Pua Chee Ling and Sean Dolan share their views about how a holistic approach is pertinent to facilitate the whole development of a child.

While parents in the 70s and 80s considered early childhood education (ECE) irrelevant in Malaysia, today, it is a vastly different story. Present-day parents are now more aware about topics like children’s developmental theories and stages. They have become increasingly involved in their child’s early development and want to see to it that their child hit the necessary milestones. All this has led to greater emphasis on ECE in Malaysia. While it is a positive development for the country, there is concern over parents’ expectations of their children. “It is common to have parents voice their dissatisfaction if the teacher hasn’t ensured that their child can recite the ABCs within the first month of starting kindergarten,” shares Pua Chee Ling, the Chief Executive of Dika College, one of the pioneering education institutions that offer early childhood education and special needs diploma and degree courses in Malaysia.

 

For so long, society has perceived education as a development of academic learning where the end game is good grades. It still does. Even if there are non-academic subjects in the curriculum, scoring straight As trumps everything else in the eyes of parents, educators and certain employers. Now, it appears that this system is encroaching into pre-school. But is it beneficial to a child’s development? More so, is it advised for a child below the age of 5? If we need an idea, just consider the results of our academic-inclined education system based on the calibre of Malaysian graduates today. Based on a 2017 report from Bank Negara, 78% of multinational companies stated that it would not hire Malaysian graduates for six reasons: lack of confidence and self-esteem, communication skills, leadership traits (they are good followers but not leaders), problem-solving skills, creative and critical thinking skills.

 

Child-centred curriculum

 

According to Chee Ling, parents need to stop dictating what their children should know at a given age. “The child should take the centre role in their own education and learning and not be concerned about meeting their parents’ expectations.” This is one of the key elements of the play-based approach where a teacher essentially plans individual lessons based on their observations of the particular child. “It’s a non-prescriptive curriculum so it doesn’t demand that the child must be able to do a set of things by this time or age. It’s a holistic approach that aims to facilitate the whole development of a child. So, essentially we’re saying to the child, the curriculum has to match you and not the other way around, which is normally the case,” shares Sean Dolan, the Academic Dean of New Zealand Tertiary College (NZTC).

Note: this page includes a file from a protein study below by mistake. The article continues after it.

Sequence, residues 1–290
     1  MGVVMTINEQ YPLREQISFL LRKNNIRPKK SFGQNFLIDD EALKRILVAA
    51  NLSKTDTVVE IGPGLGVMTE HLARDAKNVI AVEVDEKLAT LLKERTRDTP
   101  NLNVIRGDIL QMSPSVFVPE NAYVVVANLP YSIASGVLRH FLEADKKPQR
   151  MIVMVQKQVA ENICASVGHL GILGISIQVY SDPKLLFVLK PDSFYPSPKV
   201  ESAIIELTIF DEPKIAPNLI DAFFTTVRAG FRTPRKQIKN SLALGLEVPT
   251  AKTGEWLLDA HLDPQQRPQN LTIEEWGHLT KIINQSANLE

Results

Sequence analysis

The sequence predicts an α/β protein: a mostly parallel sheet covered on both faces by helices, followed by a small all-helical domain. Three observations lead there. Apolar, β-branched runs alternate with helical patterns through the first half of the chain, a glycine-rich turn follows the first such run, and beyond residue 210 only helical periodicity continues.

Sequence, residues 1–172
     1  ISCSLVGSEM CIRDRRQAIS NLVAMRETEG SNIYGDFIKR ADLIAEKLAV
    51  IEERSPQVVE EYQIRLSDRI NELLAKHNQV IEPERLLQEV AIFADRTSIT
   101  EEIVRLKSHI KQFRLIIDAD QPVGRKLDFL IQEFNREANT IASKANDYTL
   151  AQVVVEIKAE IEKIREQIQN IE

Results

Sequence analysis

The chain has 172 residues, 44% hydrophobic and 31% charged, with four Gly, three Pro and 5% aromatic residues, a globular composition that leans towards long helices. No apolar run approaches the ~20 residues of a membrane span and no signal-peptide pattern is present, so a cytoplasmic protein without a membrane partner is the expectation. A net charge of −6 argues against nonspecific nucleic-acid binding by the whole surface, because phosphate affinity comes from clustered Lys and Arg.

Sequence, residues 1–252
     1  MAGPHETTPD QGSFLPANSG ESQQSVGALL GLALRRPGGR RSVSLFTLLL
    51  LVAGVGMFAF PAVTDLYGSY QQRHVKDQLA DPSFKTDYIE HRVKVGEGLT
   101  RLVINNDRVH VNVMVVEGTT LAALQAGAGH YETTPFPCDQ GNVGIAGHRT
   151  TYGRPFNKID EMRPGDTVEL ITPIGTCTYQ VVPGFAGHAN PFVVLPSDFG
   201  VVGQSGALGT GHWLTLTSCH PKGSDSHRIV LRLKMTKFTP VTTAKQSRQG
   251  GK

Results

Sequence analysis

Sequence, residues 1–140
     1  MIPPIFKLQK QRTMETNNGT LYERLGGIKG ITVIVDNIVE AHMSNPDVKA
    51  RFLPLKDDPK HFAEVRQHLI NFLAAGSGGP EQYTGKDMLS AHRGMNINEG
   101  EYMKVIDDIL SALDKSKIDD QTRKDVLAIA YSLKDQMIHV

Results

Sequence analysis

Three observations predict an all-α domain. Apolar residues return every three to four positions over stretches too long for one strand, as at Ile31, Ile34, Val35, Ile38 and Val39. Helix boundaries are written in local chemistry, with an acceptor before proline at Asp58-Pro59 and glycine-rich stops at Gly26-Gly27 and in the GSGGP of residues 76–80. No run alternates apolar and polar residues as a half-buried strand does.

This shared philosophy of ‘child-centred early education’ is what brought Dika College and NZTC together. Dika recently partnered with NZTC, New Zealand’s foremost private early childhood education institution, to offer its 3+0 Bachelor of Education (Early Childhood Education) programme in Malaysia. The aim is to raise the calibre of ECE teachers in Malaysia. Through this partnership, Chee Ling says she also hopes to be able to learn more from New Zealand’s advanced early childhood education sector. “New Zealand is world-famous for ECE and has a lot to offer Malaysia in terms of knowledge and experience. Their established ECE sector is a great model of what we aspire to manifest in Malaysia,” shares Chee Ling.

 

For this to happen however, it is imperative for parents and stakeholders like early childhood centre operators and policymakers to realise the importance of ECE. Essentially, ECE is about the holistic development of the child. It concerns their social, physical, psychological, mental and spiritual development. Through ECE, children are taught and trained in decision-making and how to work in teams. They are encouraged to develop their imagination, creativity and leadership. And these are the very qualities that employers are seeking in prospective employees. “In fact, according to the United Nations, every dollar you invest on one child on ECE, the country saves seven dollars later on things like savings on welfare,” shares Dolan.